The farmhouse project uses a unique triangular structure made from CLT panels to create a modular pyramid-like skyscraper that meshes urban vertical farming with modular housing. The strong connection with nature is designed to relieve residents and onlookers of the mental claustrophobia of the city.
Husband and wife team Chris and Fei Precht founded Precht Studio in 2019 after Chris left another studio he co-founded- ‘Penda’, in 2013. Precht has long had a fascination with social architecture, and with The Farmhouse project they have taken a particular interest in the intersection between agriculture and architecture.
Although every human on earth must eat, the food cycle is often far removed from people, particularly in urban environments. The Farmhouse is a conceptual project that aims to bring the two back into co-existence.
Large scaler housing generates a large amount of heat, which is often either lost, or the units are artificially cooled to offset the heat. Precht aims to capture this heat and redirect it into the vertical farms in order to photosynthesise the plants for residents use. Not only this, but the poor air quality often evident in urban areas can be offset by the natural plants.
The building features a Cross-Laminated Timber (CLT) structural system.
The idea of The Farmhouse was to celebrate nature and plants as much as possible. For this reason, among others, cross-laminated timber was chosen as the primary building material, being a direct derivative of trees. CLT features timber boards layered in varying grain directions, to create a large and extremely sturdy panel.
CLT panels were used to develop the modular structure, finishes, and vertical farm planters. CLT was also the desired choice for it’s accuracy and workability. CLT can be precisely cut to dimensions by a CNC machine, which allows for extremely accurate joints. This precise fabrication allows easy transportation to site, along with quick installation, which brings down costs. The system is able to be built offsite and assembled in any location.
Trees are a naturally growing material, and when sourced sustainably, provide a sustainable resource. CLT manufacturing also uses far less carbon and energy during its making compared to steel and concrete. In fact, timber stores approximately one tonne of carbon dioxide per square metre of wood, providing a carbon sink for the length of its life cycle.
The structural system combines both diagrid frameworks, which use diagonally intersecting members to create a rigid frame with low material use, and traditional A-frame construction, which brings structural clarity and rigidity through triangulation.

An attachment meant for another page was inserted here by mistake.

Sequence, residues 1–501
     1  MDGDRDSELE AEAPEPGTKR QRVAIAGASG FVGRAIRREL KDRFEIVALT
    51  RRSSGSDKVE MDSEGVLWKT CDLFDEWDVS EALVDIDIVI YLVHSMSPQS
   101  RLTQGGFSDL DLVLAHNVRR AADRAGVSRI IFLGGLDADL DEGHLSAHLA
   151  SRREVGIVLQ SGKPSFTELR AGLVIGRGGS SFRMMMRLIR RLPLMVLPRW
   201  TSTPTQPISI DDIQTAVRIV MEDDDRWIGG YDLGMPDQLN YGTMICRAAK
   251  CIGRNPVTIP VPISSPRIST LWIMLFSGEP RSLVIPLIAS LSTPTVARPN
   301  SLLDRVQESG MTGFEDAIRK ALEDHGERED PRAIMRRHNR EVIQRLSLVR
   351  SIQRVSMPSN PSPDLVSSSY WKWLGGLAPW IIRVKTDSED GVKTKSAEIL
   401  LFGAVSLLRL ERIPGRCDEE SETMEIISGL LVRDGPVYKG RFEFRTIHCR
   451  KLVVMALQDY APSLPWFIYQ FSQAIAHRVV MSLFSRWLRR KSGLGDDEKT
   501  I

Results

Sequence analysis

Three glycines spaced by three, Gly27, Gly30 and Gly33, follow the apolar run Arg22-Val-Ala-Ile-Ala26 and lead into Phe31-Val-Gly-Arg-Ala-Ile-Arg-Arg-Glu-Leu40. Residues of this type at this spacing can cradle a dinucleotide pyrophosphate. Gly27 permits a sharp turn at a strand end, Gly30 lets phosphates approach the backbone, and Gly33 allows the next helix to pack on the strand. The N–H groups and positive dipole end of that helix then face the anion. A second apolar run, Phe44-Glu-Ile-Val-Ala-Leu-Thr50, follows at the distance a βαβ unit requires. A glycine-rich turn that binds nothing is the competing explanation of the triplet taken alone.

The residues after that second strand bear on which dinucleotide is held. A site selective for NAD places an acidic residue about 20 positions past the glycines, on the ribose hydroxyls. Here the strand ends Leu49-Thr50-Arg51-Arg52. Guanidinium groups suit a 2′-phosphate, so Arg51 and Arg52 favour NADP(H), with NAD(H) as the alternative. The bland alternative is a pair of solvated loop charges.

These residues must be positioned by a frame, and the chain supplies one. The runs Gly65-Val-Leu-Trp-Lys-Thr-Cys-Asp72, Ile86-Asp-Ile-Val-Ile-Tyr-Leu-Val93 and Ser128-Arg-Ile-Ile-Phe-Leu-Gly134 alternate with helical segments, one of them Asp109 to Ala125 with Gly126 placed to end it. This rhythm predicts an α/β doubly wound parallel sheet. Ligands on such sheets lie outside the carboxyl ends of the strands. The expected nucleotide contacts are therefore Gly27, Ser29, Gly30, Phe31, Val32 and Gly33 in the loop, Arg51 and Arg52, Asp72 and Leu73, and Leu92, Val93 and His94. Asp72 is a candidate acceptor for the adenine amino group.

The wall systems consist of three layers, one for electrical and residential water needs, a middle layer for insulation, and an outside layer for gardening supplies and water use.
The units can be customised by expanding them to double A-frames, which would suit a family size. Living space would be in the larger bottom section, while bedrooms would sit in the steeply pitched higher volume. The v-shaped garden in between units acts as a buffer zone between apartment buildings, and eliminates the need for overhanging balconies.
The Farmhouse exterior is striking in an urban environment. The modular skyscraper can take on various heights, and still presents as a rectilinear envelope, though the triangular modules inside create a patterned facade.
Although not a traditional curtain wall facade, the structure does feature substantial glazing on its facades. The faceted glass panels allow maximum light into the vertical farms and apartments, which are set back behind balconies to avoid direct glare.
The vertical farms are visible from the street, which creates a lush garden profile for passersby.
The interior spaces of The Farmhouse take on the geometry of the triangulated form. The rooms have pitched walls, which creates a number of unique spaces.
The CLT panels used as the structure have been left exposed in the concept, to provide a warm and bright interior of timber lining, which compliments the garden spaces.
Views through to the vertical garden are evident in most rooms, and provide an unprecedented floral setting in an urban environment. The gardens also consist of an exposed timber structure, including planters for the crops.